A general laugh of approval followed Ben's words.

"You're right, Ben. You're a gang of hustlers," said Alec Murray. "There ain't much talkin' when you git a-goin'. But that's a pretty good day's work, Ben, ten acres."

Ben gave a snort. "Yes. Not a bad day's work fer two men." He had no love for any of the Morrisons, whose near neighbours he was and at whose hands he had suffered many things.

"Two men!" shouted Sammy. "Your gang, I suppose you mean."

Suddenly Ben's self-control vanished. "Yes, by the jumpin' Jemima!" he cried, facing suddenly upon Sam. "Them's the two, if yeh want to know. Them's binders! They don't stop, at hevery corner to swap lies an' to see if it's goin' to ran. They keep a-workin', they do. They don't wait to cool hoff before they drink fer fear they git foundered, as if they was 'osses, like you fellers up on the west side line there." Ben threw his h's recklessly about. "You hain't no binders, you hain't. Yeh never seed any."

At this moment "King" Morrison himself entered the blacksmith shop.

"Hello, Ben! What's eatin' you?" he exclaimed.

Ben grew suddenly quiet. "Makin' a bloomin' hass of myself, I guess," he growled.

"What's up with Benny? He seems a little raised," said the "Old King," addressing the crowd generally.

"Oh, blowin' 'bout his harvestin' gang," said his son Sam.

"Well, you can do a little blowin' yourself, Sammy."

"Guess I came by it natcherly n'ough," said Sam. He stood in no awe of his father.

"Blowin's all right if you can back it up, Sammy. But what's the matter, Benny, my boy? We're all glad to see you about, an' more'n that, we're glad to hear of your good work this summer. But what are they doin' to you?"

"Doin' nothin'," broke in Sam, a little nettled at the "Old King's" kindly tone toward Ben. "He's blowin' round here to beat the band 'bout his gang."

"Well, Sam, he's got a right to blow, for they're two good workers."

"But they can't bind ten acres a day, as Ben blows about."

"Well, that would be a little strong," said the "Old King." "Why, it took my four boys a good day to tie up ten acres, Ben."

"I'm talkin' 'bout binders," said Ben, in what could hardly be called a respectful tone.

"Look here, Ben, no two men can bind ten acres in a day, so just quit yer blowin' an' talk sense."

"I'm talkin' 'bout binders," repeated Ben stubbornly.

"And I tell you, Ben," replied the "Old King," with emphasis, "your boys--and they're good boys, too--can't tie no ten acres in a day. They've got the chance of tryin' on that ten acres of wheat on my west fifty. If they can do it in a day they can have it."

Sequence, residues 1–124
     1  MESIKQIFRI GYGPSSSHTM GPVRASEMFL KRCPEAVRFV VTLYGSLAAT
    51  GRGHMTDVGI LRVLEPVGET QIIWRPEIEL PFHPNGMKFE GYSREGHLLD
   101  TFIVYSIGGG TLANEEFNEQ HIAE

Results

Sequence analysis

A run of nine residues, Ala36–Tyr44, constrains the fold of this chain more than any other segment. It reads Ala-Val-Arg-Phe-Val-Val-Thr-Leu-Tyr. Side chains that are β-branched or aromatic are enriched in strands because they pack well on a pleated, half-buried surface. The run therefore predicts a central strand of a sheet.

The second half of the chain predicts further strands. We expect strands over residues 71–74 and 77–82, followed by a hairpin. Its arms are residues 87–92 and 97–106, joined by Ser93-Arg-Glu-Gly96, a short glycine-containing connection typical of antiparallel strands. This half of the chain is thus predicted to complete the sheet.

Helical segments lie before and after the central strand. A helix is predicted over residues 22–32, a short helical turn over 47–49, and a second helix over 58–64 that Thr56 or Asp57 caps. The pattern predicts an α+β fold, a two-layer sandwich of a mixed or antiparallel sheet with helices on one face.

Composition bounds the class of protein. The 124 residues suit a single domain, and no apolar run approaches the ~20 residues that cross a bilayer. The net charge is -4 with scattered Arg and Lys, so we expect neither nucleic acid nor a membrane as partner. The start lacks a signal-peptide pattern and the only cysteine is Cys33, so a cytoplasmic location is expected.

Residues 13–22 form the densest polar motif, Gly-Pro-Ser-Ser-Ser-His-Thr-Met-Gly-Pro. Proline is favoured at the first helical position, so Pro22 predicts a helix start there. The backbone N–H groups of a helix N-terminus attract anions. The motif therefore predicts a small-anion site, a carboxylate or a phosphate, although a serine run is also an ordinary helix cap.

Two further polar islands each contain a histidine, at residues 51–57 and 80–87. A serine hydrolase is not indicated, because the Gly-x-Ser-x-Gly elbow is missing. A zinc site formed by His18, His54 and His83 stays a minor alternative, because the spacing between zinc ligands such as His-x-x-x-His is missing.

"They wouldn't take it," answered Ben regretfully. "They can do it, fast enough."

Then the "Old King" quite lost patience. "Now, Ben, shut up! You're a blowhard! Why, I'd bet any man the whole field against $50 that it can't be done."

"I'll take you on that," said Alec Murray.

"What?" The "Old King" was nonplussed for a moment.

"I'll take that. But I guess you don't mean it."

But the "Old King" was too much of a sport to go back upon his offer. "It's big odds," he said. "But I'll stick to it. Though I want to tell you, there's nearer twelve acres than ten."

"I know the field," said Alec. "But I'm willing to risk it. The winner pays the wages. How long a day?" continued Alec.

"Quit at six."

"The best part of the day is after that."

"Make it eight, then," said the "Old King." "And we'll bring it off on Monday. We're thrashing that day, but the more the merrier."

"There's jest one thing," interposed Ben, "an' that is, the boys mustn't know about this."

"Why not?" said Alec. "They're dead game."

"Oh, Dick'd jump at it quick enough, but Barney wouldn't let 'im risk it. He's right careful of that boy."

After full discussion next Sabbath morning by those who were loitering, after their custom, in the churchyard waiting for the service to begin, it was generally agreed that the "Old King" with his usual shrewdness had "put his money on the winning horse." Even Alec Murray, though he kept a bold face, confided to his bosom friend, Rory Ross, that he "guessed his cake was dough, though they would make a pretty big stagger at it."